Her name is Adaobi Tricia Nwaubani, and her debut novel, I DO NOT COME TO YOU BY CHANCE, was just named the winner of the Commonwealth Africa Prize in the first novel category. You can read all about it on the Book South Africa blog.

Congratulations Adaobi! I’m delighted to hear it!

Let’s be clear about one thing. The Snowflake method (or any method) will not magically get you published or win you writing awards. It focuses your efforts and helps you manage your creativity. That’s all. That’s enough. Getting published and winning awards requires talent, dedication, training and hard work. Tools are just tools — they make the hard work go a bit easier, better, and faster.

Tomorrow, we’ll return to our regularly scheduled critique of your one-sentence Storylines, which is of course the first step in that pesky Snowflake method.

You may remember that I interviewed Adaobi here on this blog a few months ago. If you’d like to congratulate her, leave a comment here. I’ve emailed her just now, so she’ll be dropping by shortly, and I’m sure she’d be happy to see any comments you write her.

Appraising Grace

In my last blog post, I critiqued a couple of one-sentence Storylines submitted by my loyal blog readers, and then I invited comments on a Storyline by Grace, which runs as follows:

A Belfast biologist is forced to run from her own creation — across the real world and into a virtual one, where a strange power wrestles for control of her life.

A number of you gave very insightful appraisals of Grace’s Storyline. Well done, folks! Now let’s try to improve on the Storyline. Grace gave us the back cover copy for the book, which I’ll quote again here:

If you could end world hunger, you’d do it, right? What if governmental experiments caused your miracle fertilizer to become a weapon of mass destruction? Meet Naomi, the Belfast biologist forced to run from her own creation–across the real world and into a virtual one. But there, a strange power wrestles for control of her life.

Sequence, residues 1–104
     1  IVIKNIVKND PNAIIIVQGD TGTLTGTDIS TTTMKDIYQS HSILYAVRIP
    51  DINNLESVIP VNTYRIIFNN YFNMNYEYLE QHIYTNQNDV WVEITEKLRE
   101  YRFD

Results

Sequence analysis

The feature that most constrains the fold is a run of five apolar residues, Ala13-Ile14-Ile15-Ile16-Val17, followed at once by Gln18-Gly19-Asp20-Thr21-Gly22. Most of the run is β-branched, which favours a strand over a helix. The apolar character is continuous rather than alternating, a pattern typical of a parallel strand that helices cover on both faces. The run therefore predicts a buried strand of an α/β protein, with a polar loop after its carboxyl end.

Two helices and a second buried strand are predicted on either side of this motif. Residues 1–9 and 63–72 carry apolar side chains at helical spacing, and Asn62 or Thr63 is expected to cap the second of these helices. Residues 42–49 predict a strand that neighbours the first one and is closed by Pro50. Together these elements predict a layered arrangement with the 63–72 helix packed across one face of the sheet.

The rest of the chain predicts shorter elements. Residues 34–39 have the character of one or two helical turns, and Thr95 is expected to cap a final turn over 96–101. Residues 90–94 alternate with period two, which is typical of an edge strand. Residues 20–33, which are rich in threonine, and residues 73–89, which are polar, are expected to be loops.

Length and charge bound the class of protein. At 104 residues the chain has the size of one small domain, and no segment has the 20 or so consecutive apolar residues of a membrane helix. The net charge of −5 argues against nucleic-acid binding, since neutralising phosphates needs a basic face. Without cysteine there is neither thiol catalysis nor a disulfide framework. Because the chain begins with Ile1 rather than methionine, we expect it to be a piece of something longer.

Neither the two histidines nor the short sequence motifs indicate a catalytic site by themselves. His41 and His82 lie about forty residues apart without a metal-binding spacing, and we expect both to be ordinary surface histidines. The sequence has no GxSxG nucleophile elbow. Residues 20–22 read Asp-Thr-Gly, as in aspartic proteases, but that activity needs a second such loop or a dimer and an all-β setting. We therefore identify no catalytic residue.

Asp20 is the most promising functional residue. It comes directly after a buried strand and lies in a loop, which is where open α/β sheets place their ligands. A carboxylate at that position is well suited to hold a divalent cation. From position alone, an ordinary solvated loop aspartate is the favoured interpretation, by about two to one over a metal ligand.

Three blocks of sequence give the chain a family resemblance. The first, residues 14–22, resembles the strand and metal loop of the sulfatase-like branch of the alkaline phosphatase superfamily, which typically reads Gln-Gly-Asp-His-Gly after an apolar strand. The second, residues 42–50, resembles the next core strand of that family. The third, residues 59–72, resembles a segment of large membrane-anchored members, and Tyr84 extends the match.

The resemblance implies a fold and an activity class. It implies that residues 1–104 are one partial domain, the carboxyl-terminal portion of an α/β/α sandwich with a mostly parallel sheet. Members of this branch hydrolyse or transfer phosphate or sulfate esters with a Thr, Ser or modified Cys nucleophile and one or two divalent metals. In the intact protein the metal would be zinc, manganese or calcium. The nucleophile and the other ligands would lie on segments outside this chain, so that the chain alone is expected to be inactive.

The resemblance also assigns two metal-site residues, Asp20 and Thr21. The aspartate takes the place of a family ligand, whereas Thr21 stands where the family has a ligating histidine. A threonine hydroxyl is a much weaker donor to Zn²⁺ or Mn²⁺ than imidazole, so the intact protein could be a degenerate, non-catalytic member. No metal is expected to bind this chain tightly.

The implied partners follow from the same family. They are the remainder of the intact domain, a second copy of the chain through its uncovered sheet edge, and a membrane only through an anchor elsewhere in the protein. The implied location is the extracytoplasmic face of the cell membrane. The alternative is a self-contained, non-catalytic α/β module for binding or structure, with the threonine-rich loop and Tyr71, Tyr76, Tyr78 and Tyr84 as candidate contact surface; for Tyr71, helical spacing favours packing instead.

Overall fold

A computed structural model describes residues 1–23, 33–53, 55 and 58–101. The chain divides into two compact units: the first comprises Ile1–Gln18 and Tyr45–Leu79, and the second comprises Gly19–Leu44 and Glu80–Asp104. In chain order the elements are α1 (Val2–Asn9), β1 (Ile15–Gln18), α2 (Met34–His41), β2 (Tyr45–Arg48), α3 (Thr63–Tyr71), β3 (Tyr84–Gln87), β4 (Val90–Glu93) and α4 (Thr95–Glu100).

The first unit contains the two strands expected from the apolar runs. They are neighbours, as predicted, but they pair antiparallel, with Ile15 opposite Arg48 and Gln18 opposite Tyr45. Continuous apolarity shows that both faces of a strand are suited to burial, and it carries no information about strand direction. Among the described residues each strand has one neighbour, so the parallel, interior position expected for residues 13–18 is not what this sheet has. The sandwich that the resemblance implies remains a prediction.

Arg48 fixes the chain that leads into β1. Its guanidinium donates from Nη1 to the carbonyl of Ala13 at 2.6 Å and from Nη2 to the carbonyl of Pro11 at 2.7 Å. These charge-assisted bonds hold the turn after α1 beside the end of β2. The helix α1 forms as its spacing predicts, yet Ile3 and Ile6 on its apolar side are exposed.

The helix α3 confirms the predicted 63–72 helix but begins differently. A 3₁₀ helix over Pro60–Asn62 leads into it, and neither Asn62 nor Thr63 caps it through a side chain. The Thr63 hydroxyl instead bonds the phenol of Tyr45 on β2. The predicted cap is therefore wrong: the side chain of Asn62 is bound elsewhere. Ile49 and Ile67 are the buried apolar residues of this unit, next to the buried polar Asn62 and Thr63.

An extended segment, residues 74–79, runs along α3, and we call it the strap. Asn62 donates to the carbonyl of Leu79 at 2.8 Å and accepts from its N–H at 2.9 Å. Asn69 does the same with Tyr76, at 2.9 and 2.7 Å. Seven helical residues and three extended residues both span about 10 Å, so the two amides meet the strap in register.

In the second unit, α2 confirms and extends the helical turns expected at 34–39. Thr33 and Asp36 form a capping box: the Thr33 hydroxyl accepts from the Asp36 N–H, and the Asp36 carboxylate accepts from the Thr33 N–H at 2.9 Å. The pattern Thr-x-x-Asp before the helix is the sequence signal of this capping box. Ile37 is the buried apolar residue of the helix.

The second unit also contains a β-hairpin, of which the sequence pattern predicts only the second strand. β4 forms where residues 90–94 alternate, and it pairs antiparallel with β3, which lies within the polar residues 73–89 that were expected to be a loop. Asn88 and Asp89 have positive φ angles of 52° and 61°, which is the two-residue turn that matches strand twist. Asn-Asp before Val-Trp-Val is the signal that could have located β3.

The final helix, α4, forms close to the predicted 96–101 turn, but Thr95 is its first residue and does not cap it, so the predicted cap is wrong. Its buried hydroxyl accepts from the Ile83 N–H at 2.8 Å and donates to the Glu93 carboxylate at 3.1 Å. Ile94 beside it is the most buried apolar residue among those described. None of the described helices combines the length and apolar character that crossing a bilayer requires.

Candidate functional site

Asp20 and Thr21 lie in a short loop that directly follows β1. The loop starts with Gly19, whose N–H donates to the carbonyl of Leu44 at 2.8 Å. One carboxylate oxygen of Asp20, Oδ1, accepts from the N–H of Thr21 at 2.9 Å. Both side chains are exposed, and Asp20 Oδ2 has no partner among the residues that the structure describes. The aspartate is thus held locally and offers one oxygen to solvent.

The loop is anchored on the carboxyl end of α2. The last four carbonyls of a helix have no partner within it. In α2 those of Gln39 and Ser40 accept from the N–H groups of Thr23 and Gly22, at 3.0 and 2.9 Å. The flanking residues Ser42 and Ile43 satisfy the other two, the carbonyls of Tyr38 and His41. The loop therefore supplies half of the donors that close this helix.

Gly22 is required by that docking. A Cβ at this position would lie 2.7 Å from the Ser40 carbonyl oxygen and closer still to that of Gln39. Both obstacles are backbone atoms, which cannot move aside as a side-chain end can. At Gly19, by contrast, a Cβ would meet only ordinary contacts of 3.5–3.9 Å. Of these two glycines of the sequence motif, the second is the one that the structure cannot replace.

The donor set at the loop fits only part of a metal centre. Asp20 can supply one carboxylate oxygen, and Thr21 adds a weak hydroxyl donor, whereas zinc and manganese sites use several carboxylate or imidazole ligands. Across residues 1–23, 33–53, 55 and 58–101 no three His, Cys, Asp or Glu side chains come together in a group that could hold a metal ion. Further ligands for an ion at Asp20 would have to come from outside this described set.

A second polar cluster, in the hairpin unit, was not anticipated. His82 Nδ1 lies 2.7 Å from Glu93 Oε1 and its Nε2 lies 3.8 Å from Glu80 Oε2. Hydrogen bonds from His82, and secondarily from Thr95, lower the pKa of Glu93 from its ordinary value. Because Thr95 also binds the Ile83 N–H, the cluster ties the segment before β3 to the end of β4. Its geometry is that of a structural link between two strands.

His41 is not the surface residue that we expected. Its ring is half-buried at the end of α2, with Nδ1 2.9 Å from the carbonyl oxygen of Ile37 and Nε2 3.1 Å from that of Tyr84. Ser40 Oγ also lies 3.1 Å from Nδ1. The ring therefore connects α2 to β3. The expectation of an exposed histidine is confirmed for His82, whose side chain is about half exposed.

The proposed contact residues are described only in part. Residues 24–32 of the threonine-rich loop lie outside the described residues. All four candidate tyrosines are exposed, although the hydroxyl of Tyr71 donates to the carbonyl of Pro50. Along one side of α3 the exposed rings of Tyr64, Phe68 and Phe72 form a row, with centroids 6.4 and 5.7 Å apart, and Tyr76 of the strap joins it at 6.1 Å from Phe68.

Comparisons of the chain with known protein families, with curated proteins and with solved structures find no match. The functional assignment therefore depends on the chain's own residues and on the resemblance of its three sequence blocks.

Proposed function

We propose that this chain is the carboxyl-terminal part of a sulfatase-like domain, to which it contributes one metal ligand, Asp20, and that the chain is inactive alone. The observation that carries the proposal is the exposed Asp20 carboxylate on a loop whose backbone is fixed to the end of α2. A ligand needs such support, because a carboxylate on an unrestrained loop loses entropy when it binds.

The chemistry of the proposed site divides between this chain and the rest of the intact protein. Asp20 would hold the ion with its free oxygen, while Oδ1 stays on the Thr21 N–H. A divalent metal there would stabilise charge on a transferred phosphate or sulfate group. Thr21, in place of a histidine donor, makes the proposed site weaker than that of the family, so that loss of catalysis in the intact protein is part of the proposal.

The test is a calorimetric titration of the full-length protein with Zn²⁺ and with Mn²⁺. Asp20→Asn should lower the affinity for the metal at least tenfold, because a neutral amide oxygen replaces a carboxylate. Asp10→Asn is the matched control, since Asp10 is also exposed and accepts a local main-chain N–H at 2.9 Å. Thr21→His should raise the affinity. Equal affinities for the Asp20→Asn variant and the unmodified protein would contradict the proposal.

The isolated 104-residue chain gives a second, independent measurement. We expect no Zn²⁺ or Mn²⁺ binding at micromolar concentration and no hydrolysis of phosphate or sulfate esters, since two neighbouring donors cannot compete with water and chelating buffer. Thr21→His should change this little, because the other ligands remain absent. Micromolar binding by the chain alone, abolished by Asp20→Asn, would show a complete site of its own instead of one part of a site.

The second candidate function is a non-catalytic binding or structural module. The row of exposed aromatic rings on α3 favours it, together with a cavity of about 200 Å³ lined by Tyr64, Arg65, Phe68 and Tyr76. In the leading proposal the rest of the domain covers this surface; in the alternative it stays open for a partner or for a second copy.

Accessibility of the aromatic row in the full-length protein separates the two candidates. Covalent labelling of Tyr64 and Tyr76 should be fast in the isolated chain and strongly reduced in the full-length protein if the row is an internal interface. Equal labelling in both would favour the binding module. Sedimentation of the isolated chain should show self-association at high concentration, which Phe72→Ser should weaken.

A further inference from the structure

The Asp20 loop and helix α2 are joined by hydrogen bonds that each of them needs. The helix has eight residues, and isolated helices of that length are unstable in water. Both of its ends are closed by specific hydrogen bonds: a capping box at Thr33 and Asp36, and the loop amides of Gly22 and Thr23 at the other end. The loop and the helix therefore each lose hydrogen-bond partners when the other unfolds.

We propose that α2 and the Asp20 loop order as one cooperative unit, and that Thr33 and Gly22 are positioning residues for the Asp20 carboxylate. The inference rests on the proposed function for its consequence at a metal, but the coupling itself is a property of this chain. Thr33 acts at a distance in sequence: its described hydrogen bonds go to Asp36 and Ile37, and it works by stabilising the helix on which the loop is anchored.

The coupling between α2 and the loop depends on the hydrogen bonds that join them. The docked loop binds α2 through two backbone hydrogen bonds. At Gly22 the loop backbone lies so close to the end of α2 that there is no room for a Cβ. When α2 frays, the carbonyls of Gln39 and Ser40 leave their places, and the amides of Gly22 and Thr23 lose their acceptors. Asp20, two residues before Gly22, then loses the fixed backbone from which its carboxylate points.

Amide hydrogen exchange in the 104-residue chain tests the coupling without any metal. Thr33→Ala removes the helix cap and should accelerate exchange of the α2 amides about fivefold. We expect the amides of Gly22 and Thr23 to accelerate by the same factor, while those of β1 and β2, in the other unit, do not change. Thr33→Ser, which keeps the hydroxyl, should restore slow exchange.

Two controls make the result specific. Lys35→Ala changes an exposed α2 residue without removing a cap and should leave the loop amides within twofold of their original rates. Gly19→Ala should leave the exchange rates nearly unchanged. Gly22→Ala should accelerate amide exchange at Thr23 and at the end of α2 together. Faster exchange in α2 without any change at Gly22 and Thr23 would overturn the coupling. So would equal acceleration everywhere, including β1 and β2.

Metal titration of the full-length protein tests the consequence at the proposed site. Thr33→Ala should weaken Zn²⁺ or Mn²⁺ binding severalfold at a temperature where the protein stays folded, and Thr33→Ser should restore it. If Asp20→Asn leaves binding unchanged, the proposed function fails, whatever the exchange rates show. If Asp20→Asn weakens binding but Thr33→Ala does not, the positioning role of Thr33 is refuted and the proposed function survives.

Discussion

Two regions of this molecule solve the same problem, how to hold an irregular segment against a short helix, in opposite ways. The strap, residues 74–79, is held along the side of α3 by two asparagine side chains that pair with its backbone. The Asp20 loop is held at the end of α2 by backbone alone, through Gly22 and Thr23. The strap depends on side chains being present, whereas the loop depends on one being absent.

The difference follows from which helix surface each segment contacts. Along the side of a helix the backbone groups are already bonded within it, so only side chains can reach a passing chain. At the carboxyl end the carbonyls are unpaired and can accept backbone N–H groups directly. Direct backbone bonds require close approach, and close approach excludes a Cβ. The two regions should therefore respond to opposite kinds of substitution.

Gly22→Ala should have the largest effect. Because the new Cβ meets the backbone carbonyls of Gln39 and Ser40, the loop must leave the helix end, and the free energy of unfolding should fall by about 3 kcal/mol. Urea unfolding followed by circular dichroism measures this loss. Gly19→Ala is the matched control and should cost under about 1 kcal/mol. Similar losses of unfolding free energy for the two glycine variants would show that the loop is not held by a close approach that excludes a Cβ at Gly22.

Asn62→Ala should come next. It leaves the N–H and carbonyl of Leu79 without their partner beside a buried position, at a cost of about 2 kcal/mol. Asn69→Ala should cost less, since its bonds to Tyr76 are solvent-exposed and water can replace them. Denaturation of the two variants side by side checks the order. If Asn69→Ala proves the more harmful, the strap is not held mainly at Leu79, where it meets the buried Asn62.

Randy sez: My philosophy in writing a Storyline is to make the problem clear, without necessarily hinting much at the solution. The problem is that Naomi’s government is messing with her good science and turning it into evil science. Naomi’s solution to the problem is, in part, to flee into a virtual world. This is intriguing, but I don’t understand enough of it to incorporate into the Storyline. Nor do I have a good handle on the “strange power.” So I’ll work with what I have. Here’s my first cut at a revision of Grace’s Storyline:

A Belfast biologist creates a miracle fertilizer that could end world hunger — but her own government uses it to create a weapon of mass destruction.

That’s a little long — it’s 25 words — but it captures Naomi’s essential predicament. It does leave out the extremely intriguing flight into virtual reality and I wish I could see how to capture that, but my brain has turned into oatmeal today after talking to four different mortgage refinancing folks.

Now my challenge for you all, and for Naomi, is to tweak this. Can you make it shorter? Can you capture that bit about the virtual world? Can you do both? Can you make it better? How good can this Storyline get?

To make progress, we’ll need some info from Grace on what forces Naomi into the virtual world. It may turn out that we really don’t need to know anything about the virtual world because it not be essential to the story. I don’t think I understand the story well enough to decide on that point yet.

This exercise highlights the remarkable power of the one-sentence Storyline — it forces you to isolate the most critical parts of your story.

Next time, we’ll wrap up on Grace’s Storyline and tackle the next couple of Storylines on the list of submissions, which has grown to a very large pile in the last week or so.